Friday, November 17, 2006

Re-post: Philosophical discussions and wacky theories - Mar 05

Thursday, March 17, 2005


I went to bed at about 8pm last night, having spent most of the afternoon there too, and woke up at around 11pm, just in time to find a 'blog of the day' and to enjoy a deep philosophical conversation with Tom. He was thinking about evolution, and where we go from here. I suggested research into the field of bio-electricity as a way forward, but he was quite sceptical.

We also got onto the issue of 'proving' theories, the structure and elitism of the scientific community, and the value of theories which were once found to be 'true' and have now been surpassed. I said these theories (Newton, for e.g.) still have validity in appropriate situations. So, if you wanted to build a car, you'd use Newton's theories, but if you wanted to build an atom bomb, you'd use Einstein's. Tom agreed that new theories don't necessarily prove the old ones 'wrong' - they just add to them. Science, he said, is a cumulation of everything everyone's found out.

Then we got onto wondering how it was that ancient people built structures that we'd find impossible to build now - so does evolution occur in a cyclic way, or is it really just linear? We wondered whether we'd become very advanced 5000+ years ago, then been plunged back into savagery by a cataclysmic event like the deluge. We considered what might happen to humanity now if the planet was hit by an asteroid, or if one of the super-volcanoes erupted and wiped out most of the species. All of the advancements and technologies we take for granted as being irreversible would be forgotten about in the desperate struggle for survival. Within a few hundred years it would be as if such things had never existed.

We used to talk like this for half the night, before Tom started working. Nowadays, rising at 5am, he has to bow out before midnight - basic survival needs taking over from evolutionary progress! I wonder whether he'll hold onto his dreams and his principles to really make his mark on the world, or whether his admirable unswerving financial drive will take precedence. Half the fun in raising children is wondering how they'll turn out, trying to guess what they'll do with their lives. Often they surprise us - we forget how fast the world changes for young people, and their priorities with it.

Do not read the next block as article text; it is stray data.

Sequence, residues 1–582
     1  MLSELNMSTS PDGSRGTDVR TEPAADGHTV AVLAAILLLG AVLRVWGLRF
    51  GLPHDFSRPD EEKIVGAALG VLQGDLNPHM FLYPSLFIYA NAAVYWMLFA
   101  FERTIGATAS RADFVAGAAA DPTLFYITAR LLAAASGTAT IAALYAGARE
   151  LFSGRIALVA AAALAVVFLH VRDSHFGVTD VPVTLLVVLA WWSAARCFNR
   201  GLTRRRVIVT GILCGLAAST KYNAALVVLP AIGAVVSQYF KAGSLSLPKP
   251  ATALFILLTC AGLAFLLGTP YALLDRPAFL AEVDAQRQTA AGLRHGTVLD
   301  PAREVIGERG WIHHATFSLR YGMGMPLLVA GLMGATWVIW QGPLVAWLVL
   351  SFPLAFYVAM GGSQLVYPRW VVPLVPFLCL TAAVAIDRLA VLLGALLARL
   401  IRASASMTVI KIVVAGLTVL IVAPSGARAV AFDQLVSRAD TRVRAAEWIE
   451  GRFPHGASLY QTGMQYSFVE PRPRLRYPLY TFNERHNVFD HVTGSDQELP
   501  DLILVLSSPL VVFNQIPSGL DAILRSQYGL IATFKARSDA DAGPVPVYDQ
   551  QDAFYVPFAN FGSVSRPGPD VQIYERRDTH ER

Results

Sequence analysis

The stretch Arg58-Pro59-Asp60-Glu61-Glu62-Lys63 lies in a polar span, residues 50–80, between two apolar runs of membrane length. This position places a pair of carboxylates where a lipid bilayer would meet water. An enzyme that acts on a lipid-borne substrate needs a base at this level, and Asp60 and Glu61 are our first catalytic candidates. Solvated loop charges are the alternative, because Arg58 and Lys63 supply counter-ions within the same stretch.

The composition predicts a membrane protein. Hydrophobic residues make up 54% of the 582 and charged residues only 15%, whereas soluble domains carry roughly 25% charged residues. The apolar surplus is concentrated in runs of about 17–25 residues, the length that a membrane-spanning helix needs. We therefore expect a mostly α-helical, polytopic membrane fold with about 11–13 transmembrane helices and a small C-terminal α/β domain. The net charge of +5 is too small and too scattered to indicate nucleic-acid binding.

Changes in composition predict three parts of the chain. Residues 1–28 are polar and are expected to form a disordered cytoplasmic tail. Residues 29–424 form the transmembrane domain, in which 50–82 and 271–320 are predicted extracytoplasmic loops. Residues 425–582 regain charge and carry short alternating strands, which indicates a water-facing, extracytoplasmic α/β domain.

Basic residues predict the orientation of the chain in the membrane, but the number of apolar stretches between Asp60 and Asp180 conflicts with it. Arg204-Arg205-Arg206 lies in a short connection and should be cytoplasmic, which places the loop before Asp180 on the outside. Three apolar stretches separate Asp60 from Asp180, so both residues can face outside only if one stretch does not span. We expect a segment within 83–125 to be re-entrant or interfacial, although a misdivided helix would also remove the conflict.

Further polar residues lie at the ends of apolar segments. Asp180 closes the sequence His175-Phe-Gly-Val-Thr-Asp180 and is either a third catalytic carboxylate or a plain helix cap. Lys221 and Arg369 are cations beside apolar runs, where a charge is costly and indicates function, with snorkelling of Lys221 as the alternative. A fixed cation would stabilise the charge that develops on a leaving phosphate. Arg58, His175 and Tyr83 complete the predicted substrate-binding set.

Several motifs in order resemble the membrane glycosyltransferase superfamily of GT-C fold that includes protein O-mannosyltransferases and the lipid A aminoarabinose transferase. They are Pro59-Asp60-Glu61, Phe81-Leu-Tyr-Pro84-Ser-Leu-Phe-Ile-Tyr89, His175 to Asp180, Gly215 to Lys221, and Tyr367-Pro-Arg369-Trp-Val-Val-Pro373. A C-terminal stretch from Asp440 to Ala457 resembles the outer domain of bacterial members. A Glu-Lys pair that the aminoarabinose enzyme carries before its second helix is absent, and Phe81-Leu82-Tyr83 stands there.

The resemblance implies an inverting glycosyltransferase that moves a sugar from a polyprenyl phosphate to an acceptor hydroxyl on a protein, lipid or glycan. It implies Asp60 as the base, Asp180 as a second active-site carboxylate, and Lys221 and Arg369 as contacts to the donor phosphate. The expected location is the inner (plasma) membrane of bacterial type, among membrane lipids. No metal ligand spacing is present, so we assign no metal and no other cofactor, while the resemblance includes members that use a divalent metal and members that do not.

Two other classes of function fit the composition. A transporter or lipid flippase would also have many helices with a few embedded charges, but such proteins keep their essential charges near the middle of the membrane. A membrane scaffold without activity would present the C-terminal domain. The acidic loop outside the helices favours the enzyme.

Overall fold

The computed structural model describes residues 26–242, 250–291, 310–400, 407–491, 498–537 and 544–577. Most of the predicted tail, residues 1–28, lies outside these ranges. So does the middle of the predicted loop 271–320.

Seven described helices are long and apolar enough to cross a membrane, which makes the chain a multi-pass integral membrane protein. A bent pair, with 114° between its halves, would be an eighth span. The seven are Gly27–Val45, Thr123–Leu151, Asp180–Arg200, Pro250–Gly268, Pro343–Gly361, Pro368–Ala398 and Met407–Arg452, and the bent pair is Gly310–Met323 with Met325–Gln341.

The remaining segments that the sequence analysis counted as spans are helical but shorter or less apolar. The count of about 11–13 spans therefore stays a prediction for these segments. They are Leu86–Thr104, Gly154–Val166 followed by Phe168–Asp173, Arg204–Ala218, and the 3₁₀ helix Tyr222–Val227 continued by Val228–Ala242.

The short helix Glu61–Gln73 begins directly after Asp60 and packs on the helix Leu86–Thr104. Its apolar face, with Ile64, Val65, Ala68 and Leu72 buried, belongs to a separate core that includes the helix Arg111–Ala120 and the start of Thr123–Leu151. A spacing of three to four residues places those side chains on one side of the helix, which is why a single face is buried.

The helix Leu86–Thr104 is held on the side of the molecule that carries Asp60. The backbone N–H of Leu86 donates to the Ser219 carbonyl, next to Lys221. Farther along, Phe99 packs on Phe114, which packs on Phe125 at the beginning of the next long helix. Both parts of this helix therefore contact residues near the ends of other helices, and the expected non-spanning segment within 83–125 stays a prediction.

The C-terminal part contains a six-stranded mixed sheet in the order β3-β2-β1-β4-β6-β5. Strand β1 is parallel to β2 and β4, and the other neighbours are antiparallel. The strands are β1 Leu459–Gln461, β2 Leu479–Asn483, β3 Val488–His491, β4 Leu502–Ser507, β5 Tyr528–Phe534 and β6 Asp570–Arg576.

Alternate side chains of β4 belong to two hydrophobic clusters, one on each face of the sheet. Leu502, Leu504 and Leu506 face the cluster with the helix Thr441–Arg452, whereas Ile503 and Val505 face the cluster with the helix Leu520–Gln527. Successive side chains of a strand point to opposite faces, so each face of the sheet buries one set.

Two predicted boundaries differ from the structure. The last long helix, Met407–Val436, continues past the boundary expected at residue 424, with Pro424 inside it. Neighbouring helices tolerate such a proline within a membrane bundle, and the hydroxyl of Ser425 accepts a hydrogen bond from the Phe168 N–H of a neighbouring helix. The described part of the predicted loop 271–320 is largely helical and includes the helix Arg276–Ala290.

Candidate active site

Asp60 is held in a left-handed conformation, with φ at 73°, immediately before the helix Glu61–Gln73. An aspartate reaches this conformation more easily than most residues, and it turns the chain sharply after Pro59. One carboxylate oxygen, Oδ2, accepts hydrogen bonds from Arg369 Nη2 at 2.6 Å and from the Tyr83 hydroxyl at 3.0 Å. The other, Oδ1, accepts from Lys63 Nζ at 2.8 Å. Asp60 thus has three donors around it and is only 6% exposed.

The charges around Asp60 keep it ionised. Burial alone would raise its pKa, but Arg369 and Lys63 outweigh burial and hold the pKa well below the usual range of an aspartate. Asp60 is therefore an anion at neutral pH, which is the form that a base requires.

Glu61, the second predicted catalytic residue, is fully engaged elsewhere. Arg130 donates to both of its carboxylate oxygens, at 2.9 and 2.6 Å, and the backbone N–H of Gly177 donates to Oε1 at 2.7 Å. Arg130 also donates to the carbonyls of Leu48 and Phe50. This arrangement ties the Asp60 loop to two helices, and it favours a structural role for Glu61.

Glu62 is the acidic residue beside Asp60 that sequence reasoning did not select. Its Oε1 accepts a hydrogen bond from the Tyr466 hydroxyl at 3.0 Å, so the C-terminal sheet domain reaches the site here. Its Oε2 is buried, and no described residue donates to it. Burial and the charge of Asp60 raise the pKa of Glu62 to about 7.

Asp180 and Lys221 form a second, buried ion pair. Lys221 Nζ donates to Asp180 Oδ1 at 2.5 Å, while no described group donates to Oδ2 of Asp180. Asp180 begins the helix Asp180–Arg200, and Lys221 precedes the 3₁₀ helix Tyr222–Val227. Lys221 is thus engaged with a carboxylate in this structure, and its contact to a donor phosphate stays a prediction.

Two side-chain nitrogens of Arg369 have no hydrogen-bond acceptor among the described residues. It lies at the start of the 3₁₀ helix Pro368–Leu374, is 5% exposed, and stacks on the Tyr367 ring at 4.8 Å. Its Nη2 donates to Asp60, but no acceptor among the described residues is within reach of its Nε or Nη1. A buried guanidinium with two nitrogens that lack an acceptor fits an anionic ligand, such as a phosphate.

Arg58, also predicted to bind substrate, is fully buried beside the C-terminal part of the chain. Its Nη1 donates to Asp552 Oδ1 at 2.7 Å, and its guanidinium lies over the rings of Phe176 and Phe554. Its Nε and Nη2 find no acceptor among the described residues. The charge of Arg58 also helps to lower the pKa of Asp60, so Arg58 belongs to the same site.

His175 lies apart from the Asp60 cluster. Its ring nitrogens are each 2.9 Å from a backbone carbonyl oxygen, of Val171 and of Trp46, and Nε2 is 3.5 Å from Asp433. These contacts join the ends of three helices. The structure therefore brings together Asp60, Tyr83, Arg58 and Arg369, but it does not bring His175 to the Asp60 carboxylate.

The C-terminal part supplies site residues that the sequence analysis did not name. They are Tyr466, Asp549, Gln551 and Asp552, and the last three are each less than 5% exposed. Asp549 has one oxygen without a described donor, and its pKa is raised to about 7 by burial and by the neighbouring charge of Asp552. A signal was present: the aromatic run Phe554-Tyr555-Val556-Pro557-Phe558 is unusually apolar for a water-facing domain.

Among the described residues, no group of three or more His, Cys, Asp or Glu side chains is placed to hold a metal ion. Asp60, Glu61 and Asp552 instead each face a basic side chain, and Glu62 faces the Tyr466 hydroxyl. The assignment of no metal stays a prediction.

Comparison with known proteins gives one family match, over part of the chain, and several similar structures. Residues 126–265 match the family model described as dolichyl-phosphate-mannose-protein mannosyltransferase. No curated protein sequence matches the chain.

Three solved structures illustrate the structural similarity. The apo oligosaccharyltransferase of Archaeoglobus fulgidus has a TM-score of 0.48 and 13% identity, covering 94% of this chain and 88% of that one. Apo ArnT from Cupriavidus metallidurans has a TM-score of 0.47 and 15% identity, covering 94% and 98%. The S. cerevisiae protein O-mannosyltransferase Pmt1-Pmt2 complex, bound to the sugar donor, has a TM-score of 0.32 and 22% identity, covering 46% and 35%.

Today I'm feeling well enough to catch up with a bit more domestic stuff. I was doing the laundry while we were chatting last night. I even got the dining table clear, so we're making progress.

Ali went out yesterday afternoon and did a lot of walking. He came back quite late last night saying he felt much better for the exercise. He's into buying old vinyl records these days, and had a Robert Plant LP in his bag last night. This makes me chuckle, and feel quite proud. "Your musical taste is definitely in your DNA," I said. I don't know whether this put him off or not. Something else that makes me laugh and must be a DNA thing: his dad always used to walk everywhere and *always* had a plastic carrier bag - just like Ali does now! There must be a carrier bag gene on the string somewhere. Hmmm, I'm definitely getting better, judging by the increased output of wacky theories.

posted by Gill at 9:23 AM 2 comments

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